million to train GPT-3.

So, what can it do? Being a very large general-purpose language model that was built on the internet as its knowledge base (up to 2019), GPT-3 is capable of a wide variety of tasks and can be quickly trained on new
language tasks with very little direction. For example, one developer has developed a GPT-3 application that helps people come up with new startup business ideas like “Help people draw up plans for their dream home and
then help them find contractors to build it” (weirdly specific, and oddly relevant). Or this example, where a developer used GPT-3 to create a recipe generator application (https://twitter.com/notsleepingturk/status/1286112191083696128). It is this broad capability that allows GPT-3 to really appear creative in several contexts. Okay, one more quick example. A developer set up GPT-3 to generate
comedic conversations with real comedy personalities (e.g. Jerry Seinfeld & Eddie Murphy) and took note of how the bot was able to follow well-known rules of comedy.

But rather than talk about all the wonderful, and very creative tasks that GPT-3 has been applied to, I thought it best to implement our own creative GPT-3 use-case. About a month ago, I was granted access to the GPT-3 API to research different problem spaces that could be applied to the model. After some consideration and quick brainstorming, I identified a use-case to test; teaching GPT-3 to generate funny headlines for blogs.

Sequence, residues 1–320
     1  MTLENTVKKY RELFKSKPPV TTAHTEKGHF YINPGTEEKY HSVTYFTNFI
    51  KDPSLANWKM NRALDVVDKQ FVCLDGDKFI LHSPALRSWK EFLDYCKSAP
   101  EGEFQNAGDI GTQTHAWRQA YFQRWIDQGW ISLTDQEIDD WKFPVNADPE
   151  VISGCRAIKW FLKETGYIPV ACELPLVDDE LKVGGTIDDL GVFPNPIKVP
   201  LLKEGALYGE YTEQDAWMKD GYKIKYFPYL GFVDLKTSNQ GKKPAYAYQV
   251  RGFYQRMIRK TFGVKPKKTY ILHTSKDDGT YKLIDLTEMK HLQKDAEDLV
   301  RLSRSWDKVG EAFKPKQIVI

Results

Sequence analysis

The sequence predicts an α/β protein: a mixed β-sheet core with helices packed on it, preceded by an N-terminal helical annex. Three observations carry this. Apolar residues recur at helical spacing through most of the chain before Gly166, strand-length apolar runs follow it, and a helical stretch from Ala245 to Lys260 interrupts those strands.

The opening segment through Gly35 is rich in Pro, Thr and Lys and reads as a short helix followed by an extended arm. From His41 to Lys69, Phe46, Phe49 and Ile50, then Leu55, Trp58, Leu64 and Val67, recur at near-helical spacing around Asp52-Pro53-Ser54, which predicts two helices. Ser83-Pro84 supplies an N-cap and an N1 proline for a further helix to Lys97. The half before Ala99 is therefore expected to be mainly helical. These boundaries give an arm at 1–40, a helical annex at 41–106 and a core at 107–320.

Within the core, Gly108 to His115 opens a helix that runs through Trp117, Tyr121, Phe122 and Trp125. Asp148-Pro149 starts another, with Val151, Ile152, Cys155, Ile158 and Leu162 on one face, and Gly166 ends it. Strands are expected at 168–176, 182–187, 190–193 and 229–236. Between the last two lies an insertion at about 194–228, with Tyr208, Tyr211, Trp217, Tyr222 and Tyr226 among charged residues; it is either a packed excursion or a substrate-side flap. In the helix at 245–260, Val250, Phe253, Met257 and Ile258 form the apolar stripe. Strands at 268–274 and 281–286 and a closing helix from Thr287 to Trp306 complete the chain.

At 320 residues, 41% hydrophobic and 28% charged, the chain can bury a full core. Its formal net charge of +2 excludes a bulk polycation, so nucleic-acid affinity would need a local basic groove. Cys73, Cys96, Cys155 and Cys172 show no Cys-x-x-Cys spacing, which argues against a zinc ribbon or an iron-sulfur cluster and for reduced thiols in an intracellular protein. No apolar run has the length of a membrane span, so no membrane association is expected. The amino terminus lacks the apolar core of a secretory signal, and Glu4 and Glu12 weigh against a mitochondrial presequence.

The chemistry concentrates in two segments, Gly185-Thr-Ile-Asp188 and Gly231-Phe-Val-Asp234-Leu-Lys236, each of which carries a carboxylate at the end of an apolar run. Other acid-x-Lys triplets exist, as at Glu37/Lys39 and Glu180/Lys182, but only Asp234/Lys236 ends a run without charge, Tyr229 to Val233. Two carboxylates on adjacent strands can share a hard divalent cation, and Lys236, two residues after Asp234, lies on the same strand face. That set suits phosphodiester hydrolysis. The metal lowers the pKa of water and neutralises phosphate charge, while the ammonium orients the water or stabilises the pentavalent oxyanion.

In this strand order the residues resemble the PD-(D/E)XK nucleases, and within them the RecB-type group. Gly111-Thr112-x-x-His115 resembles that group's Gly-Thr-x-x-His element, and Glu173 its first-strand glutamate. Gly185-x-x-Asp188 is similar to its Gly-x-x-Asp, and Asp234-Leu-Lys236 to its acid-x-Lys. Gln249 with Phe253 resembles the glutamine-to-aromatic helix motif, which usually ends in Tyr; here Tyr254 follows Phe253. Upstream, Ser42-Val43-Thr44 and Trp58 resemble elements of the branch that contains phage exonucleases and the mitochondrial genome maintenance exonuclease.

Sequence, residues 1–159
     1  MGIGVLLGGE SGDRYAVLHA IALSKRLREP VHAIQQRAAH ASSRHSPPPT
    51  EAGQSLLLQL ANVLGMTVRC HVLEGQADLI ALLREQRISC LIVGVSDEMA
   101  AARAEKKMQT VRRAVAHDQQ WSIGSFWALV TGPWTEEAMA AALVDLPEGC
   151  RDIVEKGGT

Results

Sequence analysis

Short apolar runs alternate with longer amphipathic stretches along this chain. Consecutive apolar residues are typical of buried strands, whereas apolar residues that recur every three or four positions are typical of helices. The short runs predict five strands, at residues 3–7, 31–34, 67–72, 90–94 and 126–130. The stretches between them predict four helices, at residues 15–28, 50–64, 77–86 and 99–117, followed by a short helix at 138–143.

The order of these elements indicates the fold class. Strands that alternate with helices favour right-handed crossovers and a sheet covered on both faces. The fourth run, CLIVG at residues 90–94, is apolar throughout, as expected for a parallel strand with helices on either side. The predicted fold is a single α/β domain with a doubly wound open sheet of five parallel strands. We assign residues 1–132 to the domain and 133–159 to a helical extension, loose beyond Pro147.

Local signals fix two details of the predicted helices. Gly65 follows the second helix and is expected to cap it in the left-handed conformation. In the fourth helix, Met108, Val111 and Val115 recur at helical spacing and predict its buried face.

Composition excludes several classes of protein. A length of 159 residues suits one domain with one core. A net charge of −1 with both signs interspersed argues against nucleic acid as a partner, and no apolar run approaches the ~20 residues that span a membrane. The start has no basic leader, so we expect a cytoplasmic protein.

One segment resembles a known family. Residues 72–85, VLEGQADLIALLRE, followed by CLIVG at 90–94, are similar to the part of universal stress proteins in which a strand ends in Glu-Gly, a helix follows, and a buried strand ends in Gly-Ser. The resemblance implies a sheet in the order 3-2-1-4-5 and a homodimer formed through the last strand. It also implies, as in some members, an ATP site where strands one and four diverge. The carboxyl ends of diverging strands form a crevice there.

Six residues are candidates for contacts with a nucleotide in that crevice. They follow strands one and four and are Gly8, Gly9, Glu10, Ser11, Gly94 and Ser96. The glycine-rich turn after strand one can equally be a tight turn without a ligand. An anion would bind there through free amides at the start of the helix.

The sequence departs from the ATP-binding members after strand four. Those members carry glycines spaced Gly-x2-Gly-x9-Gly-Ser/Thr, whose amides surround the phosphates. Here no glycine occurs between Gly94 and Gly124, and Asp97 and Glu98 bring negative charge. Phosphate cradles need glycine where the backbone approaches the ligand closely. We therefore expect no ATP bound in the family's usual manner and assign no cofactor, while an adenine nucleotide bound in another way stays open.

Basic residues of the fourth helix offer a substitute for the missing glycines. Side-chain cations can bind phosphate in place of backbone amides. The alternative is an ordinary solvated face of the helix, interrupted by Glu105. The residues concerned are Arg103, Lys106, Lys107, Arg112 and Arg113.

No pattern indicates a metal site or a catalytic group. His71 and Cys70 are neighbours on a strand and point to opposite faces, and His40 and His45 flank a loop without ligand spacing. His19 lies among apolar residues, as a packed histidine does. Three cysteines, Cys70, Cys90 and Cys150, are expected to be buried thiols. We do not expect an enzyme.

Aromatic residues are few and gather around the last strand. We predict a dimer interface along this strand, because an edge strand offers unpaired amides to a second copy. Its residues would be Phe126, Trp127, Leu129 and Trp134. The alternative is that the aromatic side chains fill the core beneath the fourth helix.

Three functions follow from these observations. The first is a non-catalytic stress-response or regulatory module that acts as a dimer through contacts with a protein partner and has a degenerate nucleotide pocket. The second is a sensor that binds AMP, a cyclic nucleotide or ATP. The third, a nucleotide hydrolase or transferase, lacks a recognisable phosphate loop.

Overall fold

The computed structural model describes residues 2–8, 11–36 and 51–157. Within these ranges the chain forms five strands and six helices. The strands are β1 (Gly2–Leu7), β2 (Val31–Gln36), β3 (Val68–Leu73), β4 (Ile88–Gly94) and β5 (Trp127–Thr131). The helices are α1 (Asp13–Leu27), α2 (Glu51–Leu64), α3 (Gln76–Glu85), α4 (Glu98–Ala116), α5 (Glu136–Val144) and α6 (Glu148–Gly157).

The key to using GPT is to ensure you are properly setting up the context that you want the model to solve. OpenAI provides a Playgound application for developers to experiment with different setups that nudge the bot in a particular direction. What is remarkable about this model is that it takes relatively little direction in order to generate quality responses right out of the gate. For example, just providing the prompt “Generate funny headlines for blogs about data science:” and nothing else, let to the following two results:

A few points of interest in this very simple test; 1. the two generated headlines are spot on and 2. the application alerts us to potentially “unsafe” content.

 

In our next, slightly more sophisticated test, we will attempt to show the bot what we mean by funny blog headlines by providing some examples. Here you will see that we set up the context on the top line and then provide just a few examples:

What’s great about the results here is that the headline clearly understands that we are attempting to apply common comedic devices to the prompt. But so what, right? We can demonstrate the creative potential of the model in these silly examples, but where is there potential for real impact? Well, based on the power of the model to leverage constructs like logic, comedy, and other language rules given clearly provided prompts, and examples where prompts are not enough, we may be able to support more sophisticated uses going forward. Some of the more innovative examples include building code for apps just from language used to describe the content of the app…mind blown…